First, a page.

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Discontinuing infection control precautions in patients with COVID-19

Discontinuing infection control precautions in patients with COVID-19
Population Approach in the health care setting Approach in the community setting
Patients without moderate or severe immunocompromise
Patients with asymptomatic SARS-CoV-2 infection Time-based (before discontinuing precautions, all of the following conditions must be met):
  • At least 10 days have passed since the date of their first positive viral diagnostic test.
  • No subsequent illness developed.
Time-based:
  • Home isolation can end if all the following conditions are met:
    • At least 5 days have passed since the date of their first positive viral diagnostic test.
    • No subsequent illness developed.
    • If repeat testing is performed toward the end of the 5-day isolation period, a viral test (ideally an antigen test) should be negative.
  • After discontinuing home isolation, patients must continue to wear a well-fitting mask around others for another 5 days. The total duration of isolation plus strict masking is 10 days. During this time, patients should avoid people who are immunocompromised or at high risk for severe disease, as well as health care and nursing home settings.*

If a viral test is performed toward the end of the 5-day isolation period and is positive, or if strict mask wearing is not possible, home isolation should continue for a total of 10 days since the date of the first positive viral test.

For patients who have some degree of immunocompromise, the decision to use this strategy must be individualized.

Patients with mild to moderate disease Symptom-based (before discontinuing precautions, all of the following conditions must be met):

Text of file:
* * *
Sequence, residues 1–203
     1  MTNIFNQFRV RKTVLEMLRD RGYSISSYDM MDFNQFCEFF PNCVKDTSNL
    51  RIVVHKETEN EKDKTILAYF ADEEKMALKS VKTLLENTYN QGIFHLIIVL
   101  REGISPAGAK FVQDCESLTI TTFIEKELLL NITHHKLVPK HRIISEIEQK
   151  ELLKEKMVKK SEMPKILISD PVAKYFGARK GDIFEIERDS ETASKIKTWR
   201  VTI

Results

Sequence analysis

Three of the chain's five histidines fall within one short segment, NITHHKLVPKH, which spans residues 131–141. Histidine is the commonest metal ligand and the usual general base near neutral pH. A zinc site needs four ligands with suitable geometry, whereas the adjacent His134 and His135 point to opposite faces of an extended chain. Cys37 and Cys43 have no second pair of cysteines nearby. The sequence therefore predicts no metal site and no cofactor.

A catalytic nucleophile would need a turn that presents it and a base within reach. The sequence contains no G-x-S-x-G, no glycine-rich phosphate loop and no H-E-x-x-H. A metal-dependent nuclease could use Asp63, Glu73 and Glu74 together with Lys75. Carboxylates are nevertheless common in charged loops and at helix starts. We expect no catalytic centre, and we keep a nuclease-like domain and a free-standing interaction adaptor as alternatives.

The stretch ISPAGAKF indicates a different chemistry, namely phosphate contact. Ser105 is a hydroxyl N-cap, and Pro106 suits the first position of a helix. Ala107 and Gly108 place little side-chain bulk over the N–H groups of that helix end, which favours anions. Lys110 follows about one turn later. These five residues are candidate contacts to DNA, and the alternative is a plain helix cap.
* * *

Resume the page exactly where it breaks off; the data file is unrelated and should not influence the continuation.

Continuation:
• At least 10 days have passed since symptoms first appeared.
  • At least 1 day (24 hours) has passed since resolution of fever without the use of fever-reducing medications.
  • There is improvement in symptoms (eg, cough, shortness of breath).
Symptom-based for patients with mild disease:
  • Home isolation can end if all the following conditions are met:
    • At least 5 days have passed since symptoms first appeared.
    • Patient's symptoms are resolving and they have been afebrile for 24 hours.
    • If repeat testing is performed toward the end of the 5-day isolation period, a viral test (ideally an antigen test) should be negative.
  • After discontinuing home isolation, patients must continue to wear a mask around others for another 5 days. The total duration of isolation plus strict masking is 10 days. During this time, patients should avoid people who are immunocompromised or at high risk for severe disease, as well as health care and nursing home settings.*

If a viral test is performed toward the end of the 5-day isolation period and is positive, or if strict mask wearing is not possible, home isolation should continue for a total of 10 days since the date symptoms first appeared.

For patients who have some degree of immunocompromise, the decision to use this strategy must be individualized.

Symptom-based for patients with moderate disease: Same as for health care settings.
Patients with severe or critical disease Symptom-based (before discontinuing precautions, all of the following conditions must be met):
  • At least 10 and up to 20 days have passed since symptoms first appeared.
  • At least 1 day (24 hours) has passed since resolution of fever without the use of fever-reducing medications.
  • There is improvement in symptoms (eg, cough, shortness of breath).